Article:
If a defendant is convicted of a federal crime, the courts will consider numerous factors in determining an appropriate sentence. Among other things, the courts will assess whether the defendant brandished a firearm during the commission of the unlawful acts and whether the offenses in question constitute crimes of violence as defined by federal law. The issue of what crimes are deemed violent is often contemplated by the federal courts. Recently, the United States Supreme Court definitively ruled that an attempted Hobbs Act robbery does not fall under the definition. If you are charged with a violent offense, it is wise to talk to a Clearwater violent crime defense lawyer as soon as possible.
The Facts of the Case
It is alleged that the defendant and a co-conspirator attempted to rob an individual selling drug. The individual was shot during the attempted robbery. The defendant was subsequently charged with numerous crimes, including attempted Hobbs Act robbery and conspiracy to commit Hobbs Act robbery. His indictment also alleged that both offenses were predicate crimes of violence. The defendant entered a guilty plea to use a firearm in furtherance of a crime of violence and conspiracy to commit Hobbs Act robbery.
It is reported that the prosecution agreed to dismiss the remaining charges. The defendant was ultimately convicted of using a firearm in furtherance of a crime of violence. He sought habeas review, asking the Court to vacate his conviction and remand the matter for resentencing on the grounds that the predicate offenses were not, in fact crimes of violence. The appellate court granted the appeal, and the government appealed to the United States Supreme Court.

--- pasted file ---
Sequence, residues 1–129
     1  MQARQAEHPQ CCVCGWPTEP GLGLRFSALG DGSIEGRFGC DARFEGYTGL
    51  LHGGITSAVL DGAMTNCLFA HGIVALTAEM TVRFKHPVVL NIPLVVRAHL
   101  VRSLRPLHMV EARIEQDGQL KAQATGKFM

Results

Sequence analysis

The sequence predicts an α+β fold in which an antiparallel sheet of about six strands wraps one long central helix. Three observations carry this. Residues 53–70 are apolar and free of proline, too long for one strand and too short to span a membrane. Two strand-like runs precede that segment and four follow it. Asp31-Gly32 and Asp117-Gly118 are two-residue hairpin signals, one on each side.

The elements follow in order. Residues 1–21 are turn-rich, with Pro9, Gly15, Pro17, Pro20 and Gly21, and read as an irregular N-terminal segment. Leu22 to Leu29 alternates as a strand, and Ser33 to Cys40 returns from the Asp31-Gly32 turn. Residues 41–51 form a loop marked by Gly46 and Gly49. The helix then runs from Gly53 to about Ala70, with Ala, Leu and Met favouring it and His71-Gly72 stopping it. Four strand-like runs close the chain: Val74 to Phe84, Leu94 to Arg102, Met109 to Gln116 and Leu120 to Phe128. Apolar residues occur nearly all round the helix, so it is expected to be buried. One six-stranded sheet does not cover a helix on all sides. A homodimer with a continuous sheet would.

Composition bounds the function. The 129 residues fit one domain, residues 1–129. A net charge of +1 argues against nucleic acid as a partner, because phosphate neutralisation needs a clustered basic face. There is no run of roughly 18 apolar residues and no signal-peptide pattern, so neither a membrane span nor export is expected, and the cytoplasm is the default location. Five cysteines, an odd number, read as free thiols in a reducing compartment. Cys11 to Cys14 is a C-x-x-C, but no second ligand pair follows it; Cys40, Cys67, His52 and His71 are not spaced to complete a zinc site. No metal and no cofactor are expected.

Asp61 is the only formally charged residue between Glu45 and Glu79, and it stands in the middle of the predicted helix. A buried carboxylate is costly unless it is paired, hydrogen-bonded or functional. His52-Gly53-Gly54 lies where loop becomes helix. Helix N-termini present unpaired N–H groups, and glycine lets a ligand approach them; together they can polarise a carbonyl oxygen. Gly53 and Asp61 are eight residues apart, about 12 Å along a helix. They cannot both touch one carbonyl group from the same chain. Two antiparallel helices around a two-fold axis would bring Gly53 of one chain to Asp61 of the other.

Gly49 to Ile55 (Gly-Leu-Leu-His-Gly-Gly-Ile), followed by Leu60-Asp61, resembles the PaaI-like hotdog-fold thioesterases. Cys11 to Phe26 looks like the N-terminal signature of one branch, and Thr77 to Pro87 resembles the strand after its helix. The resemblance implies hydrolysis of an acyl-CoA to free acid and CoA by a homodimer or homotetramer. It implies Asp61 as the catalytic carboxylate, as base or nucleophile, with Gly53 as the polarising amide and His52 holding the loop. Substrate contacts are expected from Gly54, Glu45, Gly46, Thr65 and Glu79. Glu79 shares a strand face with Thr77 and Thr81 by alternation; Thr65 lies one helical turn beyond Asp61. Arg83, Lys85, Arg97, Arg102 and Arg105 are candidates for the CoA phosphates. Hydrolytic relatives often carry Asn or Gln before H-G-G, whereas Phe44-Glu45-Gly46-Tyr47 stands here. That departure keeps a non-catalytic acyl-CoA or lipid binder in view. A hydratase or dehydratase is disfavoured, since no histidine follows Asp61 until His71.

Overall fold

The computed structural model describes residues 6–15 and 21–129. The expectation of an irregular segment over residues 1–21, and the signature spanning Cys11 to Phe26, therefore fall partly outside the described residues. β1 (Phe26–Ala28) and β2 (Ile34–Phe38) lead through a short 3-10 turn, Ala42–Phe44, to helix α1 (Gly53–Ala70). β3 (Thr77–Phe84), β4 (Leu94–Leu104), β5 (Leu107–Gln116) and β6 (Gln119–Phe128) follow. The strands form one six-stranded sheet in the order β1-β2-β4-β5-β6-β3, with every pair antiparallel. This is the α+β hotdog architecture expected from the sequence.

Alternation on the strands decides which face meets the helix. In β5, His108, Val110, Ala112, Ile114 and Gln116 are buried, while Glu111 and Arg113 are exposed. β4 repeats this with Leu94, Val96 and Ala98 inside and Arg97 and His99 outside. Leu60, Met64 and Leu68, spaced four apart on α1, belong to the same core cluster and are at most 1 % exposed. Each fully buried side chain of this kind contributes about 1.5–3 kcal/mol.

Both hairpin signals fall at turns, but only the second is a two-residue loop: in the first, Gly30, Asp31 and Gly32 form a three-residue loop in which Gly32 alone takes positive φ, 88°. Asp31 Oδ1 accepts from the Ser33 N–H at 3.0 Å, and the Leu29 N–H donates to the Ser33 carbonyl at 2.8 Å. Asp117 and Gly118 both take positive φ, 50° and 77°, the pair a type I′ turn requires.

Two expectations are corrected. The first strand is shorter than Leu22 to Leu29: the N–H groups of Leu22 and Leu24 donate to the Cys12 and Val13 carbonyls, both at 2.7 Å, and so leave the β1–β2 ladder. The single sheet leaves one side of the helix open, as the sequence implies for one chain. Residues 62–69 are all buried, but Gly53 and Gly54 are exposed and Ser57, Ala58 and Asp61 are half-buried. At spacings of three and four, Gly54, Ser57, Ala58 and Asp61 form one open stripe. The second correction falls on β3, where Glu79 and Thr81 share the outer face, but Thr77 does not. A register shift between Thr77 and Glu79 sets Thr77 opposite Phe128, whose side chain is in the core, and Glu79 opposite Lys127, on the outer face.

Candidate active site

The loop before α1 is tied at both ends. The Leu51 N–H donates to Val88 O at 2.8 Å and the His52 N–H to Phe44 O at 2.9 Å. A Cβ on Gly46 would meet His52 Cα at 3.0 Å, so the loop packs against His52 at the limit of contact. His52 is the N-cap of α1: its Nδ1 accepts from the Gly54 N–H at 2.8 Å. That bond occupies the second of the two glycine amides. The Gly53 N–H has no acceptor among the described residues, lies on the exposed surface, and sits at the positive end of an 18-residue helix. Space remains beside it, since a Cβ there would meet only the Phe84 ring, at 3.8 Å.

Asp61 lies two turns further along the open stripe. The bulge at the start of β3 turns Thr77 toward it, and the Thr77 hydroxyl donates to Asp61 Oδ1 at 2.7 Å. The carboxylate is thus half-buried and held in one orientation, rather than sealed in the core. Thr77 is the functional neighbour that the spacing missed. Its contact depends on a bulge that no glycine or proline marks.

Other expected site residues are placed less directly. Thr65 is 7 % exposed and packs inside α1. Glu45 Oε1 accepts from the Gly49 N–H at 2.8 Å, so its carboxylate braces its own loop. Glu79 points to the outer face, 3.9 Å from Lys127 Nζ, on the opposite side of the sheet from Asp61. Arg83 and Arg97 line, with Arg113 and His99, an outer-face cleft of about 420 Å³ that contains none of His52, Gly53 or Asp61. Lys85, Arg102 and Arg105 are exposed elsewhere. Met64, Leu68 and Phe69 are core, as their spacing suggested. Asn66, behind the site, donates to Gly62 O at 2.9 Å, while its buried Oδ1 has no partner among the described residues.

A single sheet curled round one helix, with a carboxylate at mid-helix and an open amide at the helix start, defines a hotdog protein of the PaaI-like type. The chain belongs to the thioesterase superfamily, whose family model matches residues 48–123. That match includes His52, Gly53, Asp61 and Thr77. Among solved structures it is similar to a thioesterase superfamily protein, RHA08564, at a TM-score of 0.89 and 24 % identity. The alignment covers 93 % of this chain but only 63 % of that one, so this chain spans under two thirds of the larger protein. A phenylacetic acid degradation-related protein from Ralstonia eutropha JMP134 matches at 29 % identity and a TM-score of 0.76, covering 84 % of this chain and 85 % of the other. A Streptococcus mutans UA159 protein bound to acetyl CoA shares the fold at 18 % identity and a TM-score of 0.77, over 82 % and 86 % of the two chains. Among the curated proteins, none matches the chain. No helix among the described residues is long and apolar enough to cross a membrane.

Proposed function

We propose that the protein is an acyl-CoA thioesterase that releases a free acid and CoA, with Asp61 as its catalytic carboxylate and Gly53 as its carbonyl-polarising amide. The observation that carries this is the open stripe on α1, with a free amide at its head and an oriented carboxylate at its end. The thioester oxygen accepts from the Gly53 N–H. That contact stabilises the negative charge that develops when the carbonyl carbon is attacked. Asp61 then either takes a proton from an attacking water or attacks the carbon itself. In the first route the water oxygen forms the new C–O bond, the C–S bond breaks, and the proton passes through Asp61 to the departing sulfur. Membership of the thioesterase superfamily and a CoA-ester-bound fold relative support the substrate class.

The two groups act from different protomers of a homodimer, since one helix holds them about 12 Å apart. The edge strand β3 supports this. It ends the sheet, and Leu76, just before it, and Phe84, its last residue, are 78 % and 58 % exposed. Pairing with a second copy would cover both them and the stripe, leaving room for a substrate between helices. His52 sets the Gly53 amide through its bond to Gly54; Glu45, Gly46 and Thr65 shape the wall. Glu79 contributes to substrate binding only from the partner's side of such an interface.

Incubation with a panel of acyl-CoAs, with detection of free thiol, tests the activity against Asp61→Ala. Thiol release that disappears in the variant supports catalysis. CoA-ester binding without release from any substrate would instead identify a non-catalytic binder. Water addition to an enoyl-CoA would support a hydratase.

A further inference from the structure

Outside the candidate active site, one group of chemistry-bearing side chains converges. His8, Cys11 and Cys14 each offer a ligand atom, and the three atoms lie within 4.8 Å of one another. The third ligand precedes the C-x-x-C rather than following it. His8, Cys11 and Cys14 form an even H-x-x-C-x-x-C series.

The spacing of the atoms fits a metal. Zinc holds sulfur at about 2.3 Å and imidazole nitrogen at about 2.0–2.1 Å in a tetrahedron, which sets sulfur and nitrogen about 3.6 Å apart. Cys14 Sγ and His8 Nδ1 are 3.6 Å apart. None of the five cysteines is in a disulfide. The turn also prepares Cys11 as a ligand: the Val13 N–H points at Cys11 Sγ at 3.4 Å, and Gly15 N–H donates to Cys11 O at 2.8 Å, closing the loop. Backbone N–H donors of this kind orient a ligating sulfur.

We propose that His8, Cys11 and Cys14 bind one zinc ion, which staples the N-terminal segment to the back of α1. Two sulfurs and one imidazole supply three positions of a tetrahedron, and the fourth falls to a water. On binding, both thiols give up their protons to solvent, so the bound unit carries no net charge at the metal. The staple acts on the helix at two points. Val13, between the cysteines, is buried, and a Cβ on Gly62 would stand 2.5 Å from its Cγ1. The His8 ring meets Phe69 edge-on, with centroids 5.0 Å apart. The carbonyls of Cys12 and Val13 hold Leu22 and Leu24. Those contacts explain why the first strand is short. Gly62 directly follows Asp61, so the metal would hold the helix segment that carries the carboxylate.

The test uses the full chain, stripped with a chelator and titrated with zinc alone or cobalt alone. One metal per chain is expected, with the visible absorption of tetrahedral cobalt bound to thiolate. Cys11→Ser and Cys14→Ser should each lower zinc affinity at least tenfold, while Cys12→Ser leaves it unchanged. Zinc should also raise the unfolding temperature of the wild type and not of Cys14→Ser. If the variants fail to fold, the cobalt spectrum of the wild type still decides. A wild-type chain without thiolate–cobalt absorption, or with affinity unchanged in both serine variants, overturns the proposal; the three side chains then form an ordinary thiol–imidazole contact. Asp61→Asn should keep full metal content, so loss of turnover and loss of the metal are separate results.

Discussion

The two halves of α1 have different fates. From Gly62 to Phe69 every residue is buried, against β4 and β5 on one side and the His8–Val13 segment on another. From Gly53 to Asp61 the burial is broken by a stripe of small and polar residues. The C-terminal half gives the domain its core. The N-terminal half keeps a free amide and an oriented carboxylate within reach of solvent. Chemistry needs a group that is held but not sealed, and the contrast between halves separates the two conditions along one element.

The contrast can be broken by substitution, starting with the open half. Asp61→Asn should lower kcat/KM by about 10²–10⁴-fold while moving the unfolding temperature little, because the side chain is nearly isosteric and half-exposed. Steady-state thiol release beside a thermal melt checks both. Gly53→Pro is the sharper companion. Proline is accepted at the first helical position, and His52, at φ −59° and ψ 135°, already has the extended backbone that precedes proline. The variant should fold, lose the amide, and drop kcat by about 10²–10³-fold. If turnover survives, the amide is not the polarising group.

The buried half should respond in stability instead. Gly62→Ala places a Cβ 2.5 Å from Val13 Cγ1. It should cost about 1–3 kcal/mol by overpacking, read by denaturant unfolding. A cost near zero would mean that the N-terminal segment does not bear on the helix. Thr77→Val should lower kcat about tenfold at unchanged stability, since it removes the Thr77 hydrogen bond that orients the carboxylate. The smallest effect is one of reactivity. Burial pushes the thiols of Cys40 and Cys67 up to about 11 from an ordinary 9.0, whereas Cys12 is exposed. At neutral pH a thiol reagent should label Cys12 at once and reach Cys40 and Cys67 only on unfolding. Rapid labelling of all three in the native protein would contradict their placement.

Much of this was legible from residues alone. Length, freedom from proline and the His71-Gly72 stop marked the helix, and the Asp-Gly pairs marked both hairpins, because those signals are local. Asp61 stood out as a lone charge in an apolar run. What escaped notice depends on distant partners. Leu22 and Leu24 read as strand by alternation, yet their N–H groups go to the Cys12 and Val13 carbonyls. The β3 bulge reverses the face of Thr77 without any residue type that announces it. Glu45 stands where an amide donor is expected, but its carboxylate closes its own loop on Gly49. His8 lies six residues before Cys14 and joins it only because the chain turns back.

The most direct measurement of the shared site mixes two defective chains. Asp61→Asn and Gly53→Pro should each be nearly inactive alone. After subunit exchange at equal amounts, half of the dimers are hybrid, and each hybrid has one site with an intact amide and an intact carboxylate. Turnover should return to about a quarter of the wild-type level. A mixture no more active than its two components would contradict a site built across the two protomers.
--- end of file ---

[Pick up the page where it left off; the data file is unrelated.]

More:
What Constitutes a Crime of Violence
On appeal, the Court addressed the discrete question of whether attempted Hobbs Act robbery is considered a crime of violence under federal law. The Court ultimately determined that it was not and affirmed the lower court ruling. The Court explained that to convict a person of Hobbs Act robbery, the government needs to demonstrate that the defendant had an intention to take someone else’s property via threat or force and a substantial step towards meeting that goal.
As the Court noted, however, the elements of attempted Hobbs Act robbery do not always require the attempted use, threatened use, or use of physical force. As such, it does not qualify as a crime of violence under the applicable statute, as a predicate for a felony conviction and imposing enhanced sentencing for using a firearm in furtherance of a crime of violence.
Talk to a Capable Clearwater Criminal Defense Attorney About Your Charges
Violent crimes typically carry significant penalties, especially if they involve the use of firearms. If you are accused of a violent crime, it is critical to mount a compelling defense, and you should talk to an attorney as soon as possible to determine your options. The capable Clearwater attorneys of Hanlon Law can advise you of your rights and help you to seek the best legal outcome possible under the facts of your case. You can reach Hanlon Law via the online form or by calling 727-897-5413 to set up a conference.